The degrees awarded in the French higher education system are harmonized with the European system of higher education, which is based on the LMD degree ladder.
There is a large scope for international students in France as students can choose from several academic programmes in diverse disciplines. There is lot of flexibility in the programme structure in French universities.
The French government has a system for checking and confirming that the educational institutions in France maintain quality in the content and delivery of programmes.
The institutions in France are broadly divided into universities and specialised schools. The universities are public institutions, and one can join them after attaining the bachelor’s degree.
The specialised schools prepare students for professional practice up to the highest levels in areas such as engineering, fine arts and management. Some of the specialised schools are public and others are private. The fees in the private schools are in general higher than those in the public sector.
The LMD system
The degrees awarded in the French higher education system are harmonized with the European system of higher education, which is based on the LMD (licence, master, doctorate) degree ladder.
Degrees are awarded based on the successful completion of a specified number of semesters or years of study, expressed in credits as defined by the European Credit Transfer System (ECTS):
Licence: 6 semesters-180 ECTS (baccalaureate+3 years)
Master: 10 semesters-300 ECTS (baccalaureate+5 years)
Doctorate (PhD): 16 semesters (baccalaureate+8 years)
+9 years: State diploma of doctor of medicine
+6 years: State diploma of doctor of dental surgery/pharmacy
+5 years: 300 ECTS; research master/professional master/graduate engineer/ graduate of school of business and management
+3 years: 180 ECTS; Licence (bachelor)/(professional bachelor)
+2 years: University diploma in technology/higher technical certificate
The baccalaureate mentioned above is comparable to the A level of secondary schools.
In 20 countries including India, the students have to follow an online procedure for registering and obtaining a visa. You can interact with a CampusFrance office and the participating French education institutions. CampusFrance is an agency responsible for promoting French higher education, functioning under the aegis of the Embassy of France in India and is present in nine major Indian cities. The centres are Ahmedabad, Bangalore, Chennai, Hyderabad, Kolkota, Mumbai, New Delhi, Chandigarh, and Pune. The addresses of four centres are given below:
French Cultural and Resource Centre
Alliance Francaise de Chennai, 24 College Road, Nungambakkam, Chennai 600006; Ph: 044-42028773: email: firstname.lastname@example.org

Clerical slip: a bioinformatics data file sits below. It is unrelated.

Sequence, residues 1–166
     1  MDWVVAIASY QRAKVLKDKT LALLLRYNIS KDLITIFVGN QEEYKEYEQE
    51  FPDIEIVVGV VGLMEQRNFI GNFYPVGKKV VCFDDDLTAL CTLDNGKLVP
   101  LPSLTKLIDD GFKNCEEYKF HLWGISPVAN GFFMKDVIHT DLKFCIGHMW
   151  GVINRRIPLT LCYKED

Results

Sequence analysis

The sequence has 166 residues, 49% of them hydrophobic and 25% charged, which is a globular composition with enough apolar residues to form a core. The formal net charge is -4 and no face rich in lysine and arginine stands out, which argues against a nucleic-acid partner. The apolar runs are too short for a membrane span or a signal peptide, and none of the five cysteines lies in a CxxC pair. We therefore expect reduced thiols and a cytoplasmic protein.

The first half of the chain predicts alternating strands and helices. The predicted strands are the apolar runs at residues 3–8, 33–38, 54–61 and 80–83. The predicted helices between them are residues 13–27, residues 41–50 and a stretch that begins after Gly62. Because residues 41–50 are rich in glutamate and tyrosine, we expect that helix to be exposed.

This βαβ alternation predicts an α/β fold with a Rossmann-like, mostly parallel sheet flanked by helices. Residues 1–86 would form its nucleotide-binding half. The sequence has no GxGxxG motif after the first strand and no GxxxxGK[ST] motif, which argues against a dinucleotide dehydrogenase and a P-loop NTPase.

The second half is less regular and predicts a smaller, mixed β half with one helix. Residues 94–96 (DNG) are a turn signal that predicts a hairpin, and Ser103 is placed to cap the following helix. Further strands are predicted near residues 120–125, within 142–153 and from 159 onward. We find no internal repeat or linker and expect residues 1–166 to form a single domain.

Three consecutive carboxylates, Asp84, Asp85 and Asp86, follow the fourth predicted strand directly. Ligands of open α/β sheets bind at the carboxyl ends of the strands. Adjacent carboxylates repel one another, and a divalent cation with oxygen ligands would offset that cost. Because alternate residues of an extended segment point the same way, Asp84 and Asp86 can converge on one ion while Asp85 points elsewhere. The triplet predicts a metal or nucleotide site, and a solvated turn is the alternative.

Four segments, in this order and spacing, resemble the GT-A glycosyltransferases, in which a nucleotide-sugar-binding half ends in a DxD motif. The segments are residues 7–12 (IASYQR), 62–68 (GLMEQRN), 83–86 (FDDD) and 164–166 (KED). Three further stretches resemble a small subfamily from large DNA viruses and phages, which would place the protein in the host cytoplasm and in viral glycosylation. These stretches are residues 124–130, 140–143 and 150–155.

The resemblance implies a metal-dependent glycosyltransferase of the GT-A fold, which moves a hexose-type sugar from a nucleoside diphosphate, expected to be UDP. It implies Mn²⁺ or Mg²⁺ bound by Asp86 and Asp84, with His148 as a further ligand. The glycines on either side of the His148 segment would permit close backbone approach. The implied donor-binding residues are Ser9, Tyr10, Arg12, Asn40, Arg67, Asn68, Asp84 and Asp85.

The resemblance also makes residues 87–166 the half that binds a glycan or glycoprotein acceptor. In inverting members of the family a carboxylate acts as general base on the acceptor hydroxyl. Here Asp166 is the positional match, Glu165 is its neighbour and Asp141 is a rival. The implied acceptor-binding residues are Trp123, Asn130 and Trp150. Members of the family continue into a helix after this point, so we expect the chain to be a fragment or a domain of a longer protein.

Alliance Francaise de Bangalore, PB 108, Thimmaiah Road, Bangalore 560052; phone: 080-41231340; email: email@example.com
Alliance Francaise d’Hyderabad, Plot no. 9, Lane no. 1, Street no. 6, Road no. 16, West Marredpally, Secunderabad- 500 026; phone: 040-2770 0734; email: firstname.lastname@example.org
Aurangzeb Road, New Delhi-110011, phone: 011-30410062; e-mail: email@example.com
If you desire to contact the embassy, you may use the following address: Embassy of France in India, 2/50-E Shantipath, Chanakyapuri, New Delhi–110 021; phone: 011-24196100; email: firstname.lastname@example.org
France does not recognise formal equivalences between its post-secondary degrees and degrees in other countries. Each French institution makes its own admission decisions based on the applicant’s background and the demands of the programme.
If you visit the site www.campusfrance.org and click ‘Programmes taught in English’, you can get a full list in various disciplines. They include engineering, technology, business management, law, economics, mathematics, humanities, languages, literature, hospitality and tourism management, sciences, environment, health science, agriculture and agro-industry, arts and fashion design.
Although the CampusFrance catalog contains programmes taught in English, knowledge of French will help you to benefit more fully from your stay in France.
Nearly 2,000 students from India would go to France this year for higher studies. The number is steadily rising — 970 in 2007, 1,757 in 2008, and nearly 2000 now. Roughly 60 per cent of Indian students go for management, and 30 per cent for engineering. Normally, you may have to start from India in the month of September. You have to initiate your application procedure for admission in January of the year of departure.
The offices of CampusFrance usually organise pre-departure orientation programmes for the students on aspects of their smooth transition to the French environment. Such programmes touch areas like visa application, finding accommodation, budgeting, travel arrangements, packing, and insurance.
The students would also receive information on administrative procedures that they need to be aware of when they arrive in France, teaching methods used in French educational institutions, inter-cultural aspects, and other relevant information.
CampusFrance also offers CampusArt, an online application process for students who have already completed at least three years of art studies in the home country, say India.
This can be used by students interested in areas such as art, architecture, design, and multimedia. The English version for online submission is available in the site www.campusart.org/flash/eduen_content.asp
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